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OTC meds & pregnancy: Citing potential risk, group of experts urges transparency, studies

TURIN, ITALY - JUNE 23: A pregnant woman during the last class of the pre-birth course in the Maternity House "Prima Luce". Here, qualified midwives teach women the importance of breastfeeding, explaining several advantages and techniques, in order to take care of their future child and their own health. They help them better prepare for the postnatal period{>}{>} on June 23, 2022 in Turin, Italy. Amid baby formula shortages in the United states, Europe has the world's lowest number of breastfeeding mothers. (Photo by Diana Bagnoli/Getty Images)
TURIN, ITALY - JUNE 23: A pregnant woman during the last class of the pre-birth course in the Maternity House "Prima Luce". Here, qualified midwives teach women the importance of breastfeeding, explaining several advantages and techniques, in order to take care of their future child and their own health. They help them better prepare for the postnatal period
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Moms-to-be try to make all the right choices to protect the health of their baby. Now, some experts are pushing for new research into a common over-the-counter medication that's long been regarded as safe to take while pregnant.

Spotlight on America examined research into acetaminophen, the most popular brand of which is Tylenol, and whether it could pose a risk to a child's development. As more studies are done, a group of leading physicians and scientists are calling for better communication with expecting mothers.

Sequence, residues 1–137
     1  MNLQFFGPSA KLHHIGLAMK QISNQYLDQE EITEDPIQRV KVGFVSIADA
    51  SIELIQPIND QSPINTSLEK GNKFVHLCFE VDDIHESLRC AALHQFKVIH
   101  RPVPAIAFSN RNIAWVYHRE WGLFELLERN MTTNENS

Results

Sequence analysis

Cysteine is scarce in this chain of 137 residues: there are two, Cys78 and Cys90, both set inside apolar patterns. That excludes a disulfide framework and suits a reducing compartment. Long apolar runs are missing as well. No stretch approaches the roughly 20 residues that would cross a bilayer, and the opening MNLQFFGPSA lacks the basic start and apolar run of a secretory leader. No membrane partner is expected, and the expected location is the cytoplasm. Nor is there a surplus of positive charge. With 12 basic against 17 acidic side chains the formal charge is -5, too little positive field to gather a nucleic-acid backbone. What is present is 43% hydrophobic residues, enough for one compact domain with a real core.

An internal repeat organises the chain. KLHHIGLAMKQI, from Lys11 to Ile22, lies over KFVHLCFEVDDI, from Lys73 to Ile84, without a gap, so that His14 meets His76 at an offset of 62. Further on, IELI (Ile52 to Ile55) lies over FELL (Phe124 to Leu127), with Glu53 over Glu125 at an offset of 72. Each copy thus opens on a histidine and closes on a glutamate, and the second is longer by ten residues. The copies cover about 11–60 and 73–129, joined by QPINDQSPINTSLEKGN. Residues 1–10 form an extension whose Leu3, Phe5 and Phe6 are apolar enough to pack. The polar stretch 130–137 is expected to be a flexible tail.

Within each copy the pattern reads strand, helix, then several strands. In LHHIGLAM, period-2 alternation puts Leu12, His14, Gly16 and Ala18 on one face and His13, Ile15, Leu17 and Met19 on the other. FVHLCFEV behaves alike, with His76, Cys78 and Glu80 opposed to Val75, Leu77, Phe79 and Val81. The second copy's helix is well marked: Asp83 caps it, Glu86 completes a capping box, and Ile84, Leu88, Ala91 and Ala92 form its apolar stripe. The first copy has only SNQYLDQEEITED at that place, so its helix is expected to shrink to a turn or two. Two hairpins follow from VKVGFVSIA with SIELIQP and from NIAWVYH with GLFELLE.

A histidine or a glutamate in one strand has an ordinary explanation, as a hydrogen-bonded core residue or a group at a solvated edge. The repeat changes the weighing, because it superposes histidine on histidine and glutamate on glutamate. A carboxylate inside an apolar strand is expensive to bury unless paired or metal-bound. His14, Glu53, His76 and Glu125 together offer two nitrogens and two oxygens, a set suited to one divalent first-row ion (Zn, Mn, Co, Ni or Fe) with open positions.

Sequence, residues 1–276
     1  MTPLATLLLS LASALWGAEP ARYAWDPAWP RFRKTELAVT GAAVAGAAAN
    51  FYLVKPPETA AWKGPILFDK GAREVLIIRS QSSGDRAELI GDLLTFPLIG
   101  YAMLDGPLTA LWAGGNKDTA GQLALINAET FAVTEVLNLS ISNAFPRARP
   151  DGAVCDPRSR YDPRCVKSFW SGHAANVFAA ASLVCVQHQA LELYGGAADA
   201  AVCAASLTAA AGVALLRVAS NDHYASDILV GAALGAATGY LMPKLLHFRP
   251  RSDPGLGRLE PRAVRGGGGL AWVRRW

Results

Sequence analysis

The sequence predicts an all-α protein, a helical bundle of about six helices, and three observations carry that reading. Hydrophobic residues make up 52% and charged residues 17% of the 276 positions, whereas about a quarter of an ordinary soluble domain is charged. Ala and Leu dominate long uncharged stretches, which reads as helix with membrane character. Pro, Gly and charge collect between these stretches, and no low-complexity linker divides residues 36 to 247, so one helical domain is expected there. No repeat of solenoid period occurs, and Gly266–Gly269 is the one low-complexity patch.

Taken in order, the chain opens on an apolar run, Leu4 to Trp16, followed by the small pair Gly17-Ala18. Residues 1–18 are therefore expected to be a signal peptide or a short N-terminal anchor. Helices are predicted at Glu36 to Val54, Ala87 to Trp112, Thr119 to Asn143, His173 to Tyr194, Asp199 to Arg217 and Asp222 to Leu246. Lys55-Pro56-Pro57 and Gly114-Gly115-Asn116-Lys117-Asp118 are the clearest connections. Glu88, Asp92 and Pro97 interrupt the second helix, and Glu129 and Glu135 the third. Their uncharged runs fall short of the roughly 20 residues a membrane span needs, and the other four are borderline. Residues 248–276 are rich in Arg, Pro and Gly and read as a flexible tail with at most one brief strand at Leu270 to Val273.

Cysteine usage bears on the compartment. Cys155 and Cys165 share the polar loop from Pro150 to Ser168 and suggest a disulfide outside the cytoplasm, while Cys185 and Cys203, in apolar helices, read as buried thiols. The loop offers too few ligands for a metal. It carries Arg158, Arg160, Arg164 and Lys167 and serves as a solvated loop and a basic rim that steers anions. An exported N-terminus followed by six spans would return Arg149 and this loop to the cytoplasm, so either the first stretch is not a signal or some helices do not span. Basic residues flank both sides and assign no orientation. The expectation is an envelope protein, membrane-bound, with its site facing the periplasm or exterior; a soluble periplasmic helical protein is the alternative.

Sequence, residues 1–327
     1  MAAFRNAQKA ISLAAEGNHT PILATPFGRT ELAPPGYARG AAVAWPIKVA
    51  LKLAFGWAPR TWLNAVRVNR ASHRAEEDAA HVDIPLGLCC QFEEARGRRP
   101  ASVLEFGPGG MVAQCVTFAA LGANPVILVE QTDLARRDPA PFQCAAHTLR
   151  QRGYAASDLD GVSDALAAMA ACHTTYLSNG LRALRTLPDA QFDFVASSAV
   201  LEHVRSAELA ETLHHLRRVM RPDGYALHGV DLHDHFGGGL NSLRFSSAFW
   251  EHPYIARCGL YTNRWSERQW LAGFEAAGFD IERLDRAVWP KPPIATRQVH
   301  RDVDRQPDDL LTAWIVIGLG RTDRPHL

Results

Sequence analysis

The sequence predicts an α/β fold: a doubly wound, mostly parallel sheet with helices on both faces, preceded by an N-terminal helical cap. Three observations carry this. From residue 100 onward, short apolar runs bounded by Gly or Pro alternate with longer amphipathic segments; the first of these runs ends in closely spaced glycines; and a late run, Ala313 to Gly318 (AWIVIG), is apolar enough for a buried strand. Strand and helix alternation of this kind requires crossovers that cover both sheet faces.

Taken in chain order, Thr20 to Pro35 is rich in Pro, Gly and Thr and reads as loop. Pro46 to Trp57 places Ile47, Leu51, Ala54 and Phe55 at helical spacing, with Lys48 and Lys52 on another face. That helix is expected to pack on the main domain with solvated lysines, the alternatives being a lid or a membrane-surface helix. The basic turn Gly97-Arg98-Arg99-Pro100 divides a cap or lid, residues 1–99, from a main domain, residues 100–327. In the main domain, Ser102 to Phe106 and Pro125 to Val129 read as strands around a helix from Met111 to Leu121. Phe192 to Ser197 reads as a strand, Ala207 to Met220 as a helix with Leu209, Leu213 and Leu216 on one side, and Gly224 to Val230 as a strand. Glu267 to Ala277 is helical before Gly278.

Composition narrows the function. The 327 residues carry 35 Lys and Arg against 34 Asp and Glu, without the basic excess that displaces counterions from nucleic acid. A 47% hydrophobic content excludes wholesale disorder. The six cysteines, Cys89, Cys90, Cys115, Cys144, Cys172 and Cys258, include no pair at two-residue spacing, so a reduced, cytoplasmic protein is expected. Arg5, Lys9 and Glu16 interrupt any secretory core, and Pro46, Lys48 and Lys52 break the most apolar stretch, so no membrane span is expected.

Karleen DeGroodt is an ICU nurse, dedicated to caring for the sickest patients in her California hospital. That includes working grueling 12-hour shifts, even when she was pregnant with her son Devyn in 2008.

She remembers being exhausted from moving patients around the ICU and suffering from aches and pains. To cope, she took Tylenol, a brand of acetaminophen, sometimes up to three times a week.

Acetaminophen is found in more than 600 medications used to relieve mild to moderate pain and reduce fever.

She told us Tylenol was part of a "goody bag" she received from her OB/GYN, and that she was never cautioned about any potential risk to the baby.

By some estimates, 65% of pregnant women take the drug, which has widely been regarded as safe.

Karleen recalls being told, "this is the safe medication. This is the only medication that a pregnant woman could take, and that's how it was explained to me."